Next in importance is a meter reading. The meter can be mileage or hours of service, or whatever unit of measurement tells you how much that piece of equipment has been used.
The meter reading is essential because it is the primary usage measurement metric. Without it, there is no way to measure the costs of operation, periods of maintenance and so much more.
A unit’s performance measurement information is usually expressed in terms of cost per mile or cost per hour.
Once this repair order heading data is entered, the unit’s repair order history should be reviewed to identify possible rework or available warranty. Then, depending upon the fleet’s requirements, the repair order can potentially include a lot of additional information, such as a description of what’s wrong with a unit, who’s fixing it, what parts the job requires and a description of the work performed.
The repair order history may show when a repair or maintenance job was assigned and how long it took a technician to complete.
Ideally, your repair orders record all of these things and more using VMRS (Vehicle Maintenance Reporting Standards). These codes were established by the Technology & Maintenance Council of the American Trucking Associations as the standard method of identifying equipment specs, costs, components, reasons for repair and reasons for failure, all of which facilitate later analysis of both the fleet and maintenance efforts.
The information gathered on repair orders can help establish benchmarks for a fleet, cost per mile for individual units and for the fleet as a whole. Other repair order information can indicate if a maintenance shop and its individual technicians are working efficiently or not.
Repair orders are critical for outsourced work as well.
Where is truck number 44? Without a repair order you might forget that it’s at Joe’s Garage in Peoria, IL, where it has been sitting behind the shop because Joe’s Garage forgot it too.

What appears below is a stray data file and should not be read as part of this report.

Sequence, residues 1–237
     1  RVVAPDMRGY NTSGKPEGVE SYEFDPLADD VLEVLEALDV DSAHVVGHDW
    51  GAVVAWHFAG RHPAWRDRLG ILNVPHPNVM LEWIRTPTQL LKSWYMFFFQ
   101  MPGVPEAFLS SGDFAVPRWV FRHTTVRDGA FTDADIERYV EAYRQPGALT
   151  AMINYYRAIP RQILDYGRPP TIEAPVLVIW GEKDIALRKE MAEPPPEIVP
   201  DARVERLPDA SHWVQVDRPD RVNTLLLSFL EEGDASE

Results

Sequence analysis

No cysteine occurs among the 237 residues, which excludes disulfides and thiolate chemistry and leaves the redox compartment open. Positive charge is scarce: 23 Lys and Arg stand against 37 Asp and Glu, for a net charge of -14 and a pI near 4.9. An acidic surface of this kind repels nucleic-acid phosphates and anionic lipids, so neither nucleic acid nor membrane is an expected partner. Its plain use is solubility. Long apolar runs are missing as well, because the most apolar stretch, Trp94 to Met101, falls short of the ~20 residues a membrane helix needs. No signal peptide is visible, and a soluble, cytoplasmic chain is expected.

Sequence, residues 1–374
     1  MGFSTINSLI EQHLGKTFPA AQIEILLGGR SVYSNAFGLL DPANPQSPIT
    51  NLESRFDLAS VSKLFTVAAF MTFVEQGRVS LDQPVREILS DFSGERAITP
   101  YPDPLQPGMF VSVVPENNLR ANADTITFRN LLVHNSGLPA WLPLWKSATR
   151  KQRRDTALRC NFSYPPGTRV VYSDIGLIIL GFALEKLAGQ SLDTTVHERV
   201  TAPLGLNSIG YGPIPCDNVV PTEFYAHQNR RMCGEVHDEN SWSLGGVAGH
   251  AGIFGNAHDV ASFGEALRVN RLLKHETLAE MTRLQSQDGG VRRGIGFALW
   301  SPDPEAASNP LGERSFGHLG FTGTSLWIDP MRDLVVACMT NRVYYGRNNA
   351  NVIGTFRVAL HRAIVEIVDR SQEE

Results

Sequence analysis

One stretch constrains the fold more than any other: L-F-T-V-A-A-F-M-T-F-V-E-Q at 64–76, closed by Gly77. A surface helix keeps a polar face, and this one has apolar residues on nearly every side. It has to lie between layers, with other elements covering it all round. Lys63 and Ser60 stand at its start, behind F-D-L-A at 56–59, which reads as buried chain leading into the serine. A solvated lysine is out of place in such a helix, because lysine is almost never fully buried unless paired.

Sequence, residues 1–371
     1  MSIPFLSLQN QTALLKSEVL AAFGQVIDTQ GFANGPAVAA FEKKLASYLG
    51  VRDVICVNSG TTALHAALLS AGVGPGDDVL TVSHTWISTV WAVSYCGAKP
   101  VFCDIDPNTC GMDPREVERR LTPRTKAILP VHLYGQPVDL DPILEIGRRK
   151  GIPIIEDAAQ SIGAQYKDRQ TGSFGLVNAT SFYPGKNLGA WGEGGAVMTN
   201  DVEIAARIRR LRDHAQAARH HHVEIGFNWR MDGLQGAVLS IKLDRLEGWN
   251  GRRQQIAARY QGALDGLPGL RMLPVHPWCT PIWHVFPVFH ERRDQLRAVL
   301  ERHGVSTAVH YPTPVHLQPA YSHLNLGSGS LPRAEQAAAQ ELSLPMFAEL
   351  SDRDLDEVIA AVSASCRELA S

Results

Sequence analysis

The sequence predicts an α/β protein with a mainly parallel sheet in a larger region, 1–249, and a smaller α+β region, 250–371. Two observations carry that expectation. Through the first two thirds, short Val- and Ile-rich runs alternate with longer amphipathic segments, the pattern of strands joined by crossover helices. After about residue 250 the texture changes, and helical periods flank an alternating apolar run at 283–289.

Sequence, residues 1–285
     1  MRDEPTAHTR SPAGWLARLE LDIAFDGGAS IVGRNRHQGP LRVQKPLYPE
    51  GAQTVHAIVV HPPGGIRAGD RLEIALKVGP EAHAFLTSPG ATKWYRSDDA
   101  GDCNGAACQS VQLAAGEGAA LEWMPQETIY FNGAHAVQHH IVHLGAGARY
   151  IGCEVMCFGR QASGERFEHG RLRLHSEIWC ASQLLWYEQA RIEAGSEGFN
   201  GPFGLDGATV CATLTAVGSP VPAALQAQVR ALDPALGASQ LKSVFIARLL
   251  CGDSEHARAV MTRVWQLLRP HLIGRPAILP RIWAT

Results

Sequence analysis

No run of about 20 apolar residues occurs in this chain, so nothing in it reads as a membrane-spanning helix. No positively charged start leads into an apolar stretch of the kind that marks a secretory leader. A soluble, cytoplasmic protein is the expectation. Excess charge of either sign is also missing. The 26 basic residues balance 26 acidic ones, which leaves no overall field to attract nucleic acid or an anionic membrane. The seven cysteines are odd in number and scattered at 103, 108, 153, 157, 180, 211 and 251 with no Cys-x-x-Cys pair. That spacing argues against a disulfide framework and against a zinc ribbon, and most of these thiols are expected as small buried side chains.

A fleet without repair orders is probably a fleet with little order or control at all.
For many fleets, the classic paper repair order – with check boxes, fill-in blanks and carbon copies – migrated to computers in the 1980s and 1990s. Those AS/400 and DOS-based computers took the basic repair order to a new level. The overall quality of fleet management rose along with it.
Those old-time green screens and command prompts could be intimidating. They came with a steep learning curve and unsettled more than one old-time fleet maintenance manager.
Computers themselves were new to most shop employees. It took time to learn how to navigate the system, which key combinations to press and how to get the program to reveal what you needed to know.
That has all changed dramatically in the last decade or so.
Most technicians on the shop floor today grew up with computers. Using software comes naturally, and they know where to look on a menu bar for the program function they need. Point-and-click is second nature to them.
That familiarity has greatly eased the training time and burden. For example, it can take a few days to implement a new maintenance application for an average-sized company. Yet in my experience, training for an individual technician can be as little as two hours.
The repair orders of today’s maintenance software applications are significantly better at gathering critical information without computer overkill.
Many programs allow the fleet to decide what information they want to require, and then your technician can’t simply skip a required dialog box. He must enter all of the required information in order to move forward with his data entry. Data does not fall through the cracks.
Today’s digital repair order gathers a wealth of information at the start of a repair or maintenance process. This data enables you to track a job, order parts, identify possible warranty and account for shop time.
But that’s just for starters. Once the detailed information is entered it can deliver substantial long-term benefits.